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Differential expression of chicken CYP26 in anterior versus posterior limb bud in response to retinoic acid.

Research paper by E E Martinez-Ceballos, C A CA Burdsal

Indexed on: 27 Jul '01Published on: 27 Jul '01Published in: The Journal of experimental zoology



Abstract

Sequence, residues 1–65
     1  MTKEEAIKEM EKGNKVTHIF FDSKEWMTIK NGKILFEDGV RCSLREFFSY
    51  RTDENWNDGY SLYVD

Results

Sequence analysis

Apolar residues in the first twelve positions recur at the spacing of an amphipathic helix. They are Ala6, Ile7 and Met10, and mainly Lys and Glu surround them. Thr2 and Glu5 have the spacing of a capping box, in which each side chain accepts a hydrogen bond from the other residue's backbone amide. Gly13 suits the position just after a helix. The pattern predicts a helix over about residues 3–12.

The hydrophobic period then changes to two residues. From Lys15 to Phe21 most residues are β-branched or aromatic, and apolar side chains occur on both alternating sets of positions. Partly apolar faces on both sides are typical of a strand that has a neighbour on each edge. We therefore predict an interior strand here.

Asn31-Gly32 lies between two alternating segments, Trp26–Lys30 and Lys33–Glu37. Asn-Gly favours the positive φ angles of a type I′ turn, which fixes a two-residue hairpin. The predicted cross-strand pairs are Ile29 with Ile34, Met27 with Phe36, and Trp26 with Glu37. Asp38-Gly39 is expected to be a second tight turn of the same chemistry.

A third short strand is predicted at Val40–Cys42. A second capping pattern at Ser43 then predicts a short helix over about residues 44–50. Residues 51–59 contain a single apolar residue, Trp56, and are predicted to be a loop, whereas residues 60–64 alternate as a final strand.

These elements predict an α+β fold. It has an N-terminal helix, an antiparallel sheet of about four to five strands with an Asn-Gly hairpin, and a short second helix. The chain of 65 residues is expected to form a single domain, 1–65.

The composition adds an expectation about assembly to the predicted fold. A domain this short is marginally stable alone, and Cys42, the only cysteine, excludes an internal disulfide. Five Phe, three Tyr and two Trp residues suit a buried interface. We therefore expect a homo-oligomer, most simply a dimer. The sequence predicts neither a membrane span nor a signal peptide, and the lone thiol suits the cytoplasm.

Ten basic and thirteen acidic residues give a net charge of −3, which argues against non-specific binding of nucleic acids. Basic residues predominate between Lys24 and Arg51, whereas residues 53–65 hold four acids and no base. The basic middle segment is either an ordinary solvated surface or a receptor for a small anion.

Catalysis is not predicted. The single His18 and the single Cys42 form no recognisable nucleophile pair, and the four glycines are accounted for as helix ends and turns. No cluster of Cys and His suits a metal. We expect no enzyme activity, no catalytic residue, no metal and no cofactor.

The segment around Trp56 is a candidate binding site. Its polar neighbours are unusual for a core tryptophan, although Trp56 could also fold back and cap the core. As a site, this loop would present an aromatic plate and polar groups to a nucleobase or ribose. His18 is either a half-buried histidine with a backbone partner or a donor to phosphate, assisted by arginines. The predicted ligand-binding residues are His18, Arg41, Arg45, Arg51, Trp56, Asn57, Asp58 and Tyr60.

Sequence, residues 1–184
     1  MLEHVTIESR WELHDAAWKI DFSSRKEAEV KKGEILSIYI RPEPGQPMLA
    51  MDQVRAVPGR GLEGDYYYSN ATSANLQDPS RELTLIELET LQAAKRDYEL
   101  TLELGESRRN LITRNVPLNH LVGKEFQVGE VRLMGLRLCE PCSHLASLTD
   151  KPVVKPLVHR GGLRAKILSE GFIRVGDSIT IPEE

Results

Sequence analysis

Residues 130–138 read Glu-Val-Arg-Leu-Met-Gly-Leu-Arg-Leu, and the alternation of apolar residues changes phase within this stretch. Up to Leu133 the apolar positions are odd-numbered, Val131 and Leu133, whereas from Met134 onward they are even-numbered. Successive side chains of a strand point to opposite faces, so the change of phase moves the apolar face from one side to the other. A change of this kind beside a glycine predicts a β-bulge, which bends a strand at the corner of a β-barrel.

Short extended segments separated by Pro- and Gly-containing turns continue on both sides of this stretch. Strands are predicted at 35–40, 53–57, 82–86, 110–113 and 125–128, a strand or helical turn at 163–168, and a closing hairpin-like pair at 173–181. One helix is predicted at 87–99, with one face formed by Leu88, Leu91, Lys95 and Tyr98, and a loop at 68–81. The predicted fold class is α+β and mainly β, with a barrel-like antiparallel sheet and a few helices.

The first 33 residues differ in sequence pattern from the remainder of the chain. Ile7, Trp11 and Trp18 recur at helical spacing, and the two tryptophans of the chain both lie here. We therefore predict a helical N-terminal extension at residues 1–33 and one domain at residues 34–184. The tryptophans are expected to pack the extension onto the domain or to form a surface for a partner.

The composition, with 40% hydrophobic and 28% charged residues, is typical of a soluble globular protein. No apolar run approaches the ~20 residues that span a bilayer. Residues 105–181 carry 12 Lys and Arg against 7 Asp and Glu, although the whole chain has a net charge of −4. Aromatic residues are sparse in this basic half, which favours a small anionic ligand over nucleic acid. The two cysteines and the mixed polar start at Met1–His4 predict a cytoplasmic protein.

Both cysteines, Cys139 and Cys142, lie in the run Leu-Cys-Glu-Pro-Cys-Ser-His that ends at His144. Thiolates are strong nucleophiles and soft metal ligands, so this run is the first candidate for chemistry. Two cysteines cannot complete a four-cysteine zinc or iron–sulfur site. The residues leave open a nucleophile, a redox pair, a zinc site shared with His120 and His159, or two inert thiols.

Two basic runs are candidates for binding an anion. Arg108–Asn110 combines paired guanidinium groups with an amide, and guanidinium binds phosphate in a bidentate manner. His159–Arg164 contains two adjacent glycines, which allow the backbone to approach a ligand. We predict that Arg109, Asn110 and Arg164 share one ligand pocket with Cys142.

Multiple studies indicate that quantitative control of the levels of all-trans-retinoic acid (RA) in the vertebrate embryo is necessary for correct development. The function of RA in cells is regulated by a number of coordinated mechanisms. One of those mechanisms involves controls on the rate of RA catabolism. Recently, enzymes capable of catabolizing RA were found to constitute a new family, called CYP26, within the cytochrome P450 superfamily. CYP26 homologues have been isolated from human, mouse, zebra fish, and recently from the chick. In this study, we examined the regulation of chicken CYP26 (cCYP26) expression by RA during the early phase of chick limb outgrowth. In the anterior limb mesenchyme and apical ectodermal ridge (AER), cCYP26 expression was induced in a concentration dependent manner by implanting beads soaked in 0.1, 1, and 5 mg/ml RA. The RA-induced expression of cCYP26 in anterior limb mesenchyme and the AER was detected as early as 1 hr after treatment and was not affected by the presence of cycloheximide. In contrast to the anterior limb, the induction of cCYP26 was dramatically reduced (or absent) when RA beads were implanted in the posterior limb mesenchyme. Furthermore, induction of cCYP26 expression in the anterior mesenchyme was inhibited by transplantations of the zone of polarizing activity (ZPA) and by Shh-soaked beads. Our data suggest that different mechanisms regulate retinoid homeostasis in the AER and mesenchyme during limb bud outgrowth. J. Exp. Zool. 290:136-147, 2001.